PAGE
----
### Applications Of Quantile-Quantile Plot

The Quantile-Quantile plot is used for the following purpose:

: Q-Q plots are frequently used to visually inspect whether a dataset follows a specific probability distribution, such as the normal distribution. By comparing the quantiles of the observed data to the quantiles of the assumed distribution, deviations from the assumed distribution can be detected. This is crucial in many statistical analyses, where the validity of distributional assumptions impacts the accuracy of statistical inferences.**Assessing Distributional Assumptions**: Outliers are data points that deviate significantly from the rest of the dataset. Q-Q plots can help identify outliers by revealing data points that fall far from the expected pattern of the distribution. Outliers may appear as points that deviate from the expected straight line in the plot.**Detecting Outliers**: Q-Q plots can be used to compare two datasets to see if they come from the same distribution. This is achieved by plotting the quantiles of one dataset against the quantiles of another dataset. If the points fall approximately along a straight line, it suggests that the two datasets are drawn from the same distribution.**Comparing Distributions**: Q-Q plots are particularly useful for assessing the normality of a dataset. If the data points in the plot closely follow a straight line, it indicates that the dataset is approximately normally distributed. Deviations from the line suggest departures from normality, which may require further investigation or non-parametric statistical techniques.**Assessing Normality**: In fields like econometrics and machine learning, Q-Q plots are used to validate predictive models. By comparing the quantiles of observed responses with the quantiles predicted by a model, one can assess how well the model fits the data. Deviations from the expected pattern may indicate areas where the model needs improvement.**Model Validation**: Q-Q plots are employed in quality control processes to monitor the distribution of measured or observed values over time or across different batches. Departures from expected patterns in the plot may signal changes in the underlying processes, prompting further investigation.**Quality Control**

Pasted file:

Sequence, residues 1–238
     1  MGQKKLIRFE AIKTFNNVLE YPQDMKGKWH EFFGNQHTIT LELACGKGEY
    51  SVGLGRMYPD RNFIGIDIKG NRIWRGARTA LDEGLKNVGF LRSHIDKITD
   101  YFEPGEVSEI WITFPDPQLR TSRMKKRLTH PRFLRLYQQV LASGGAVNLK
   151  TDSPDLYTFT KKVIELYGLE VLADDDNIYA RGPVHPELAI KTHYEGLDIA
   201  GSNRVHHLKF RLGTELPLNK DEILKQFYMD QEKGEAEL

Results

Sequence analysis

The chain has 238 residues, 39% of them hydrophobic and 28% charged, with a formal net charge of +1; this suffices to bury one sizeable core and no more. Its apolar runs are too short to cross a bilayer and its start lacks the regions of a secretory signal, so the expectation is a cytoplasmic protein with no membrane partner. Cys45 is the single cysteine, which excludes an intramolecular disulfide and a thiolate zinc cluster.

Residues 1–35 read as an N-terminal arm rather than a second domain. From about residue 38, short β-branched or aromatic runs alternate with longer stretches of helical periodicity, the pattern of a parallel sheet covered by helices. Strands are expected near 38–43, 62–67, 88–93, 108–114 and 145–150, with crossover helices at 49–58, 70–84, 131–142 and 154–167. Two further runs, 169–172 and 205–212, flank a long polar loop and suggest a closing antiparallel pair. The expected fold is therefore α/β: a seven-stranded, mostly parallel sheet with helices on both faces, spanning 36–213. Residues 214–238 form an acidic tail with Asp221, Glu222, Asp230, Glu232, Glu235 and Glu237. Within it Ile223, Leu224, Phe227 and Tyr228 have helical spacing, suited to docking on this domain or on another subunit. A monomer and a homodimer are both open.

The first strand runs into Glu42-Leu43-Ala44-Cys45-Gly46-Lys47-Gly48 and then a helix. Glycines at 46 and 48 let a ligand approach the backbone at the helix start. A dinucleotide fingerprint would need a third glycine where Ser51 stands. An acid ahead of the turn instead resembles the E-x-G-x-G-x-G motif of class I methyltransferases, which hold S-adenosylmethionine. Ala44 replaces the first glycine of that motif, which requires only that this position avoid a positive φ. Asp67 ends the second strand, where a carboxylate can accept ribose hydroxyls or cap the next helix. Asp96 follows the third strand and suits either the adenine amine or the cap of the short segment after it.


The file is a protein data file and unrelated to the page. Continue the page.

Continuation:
### Types of Q-Q plots

There are several types of Q-Q plots commonly used in statistics and data analysis, each suited to different scenarios or purposes:

: A symmetric distribution where the Q-Q plot would show points approximately along a diagonal line if the data adheres to a normal distribution.**Normal Distribution**: A distribution where the Q-Q plot would display a pattern where the observed quantiles deviate from the straight line towards the upper end, indicating a longer tail on the right side.**Right-skewed Distribution**: A distribution where the Q-Q plot would exhibit a pattern where the observed quantiles deviate from the straight line towards the lower end, indicating a longer tail on the left side.**Left-skewed Distribution**: A distribution where the Q-Q plot would show observed quantiles clustered more tightly around the diagonal line compared to the theoretical quantiles, suggesting lower variance.**Under-dispersed Distribution**: A distribution where the Q-Q plot would display observed quantiles more spread out or deviating from the diagonal line, indicating higher variance or dispersion compared to the theoretical distribution.**Over-dispersed Distribution**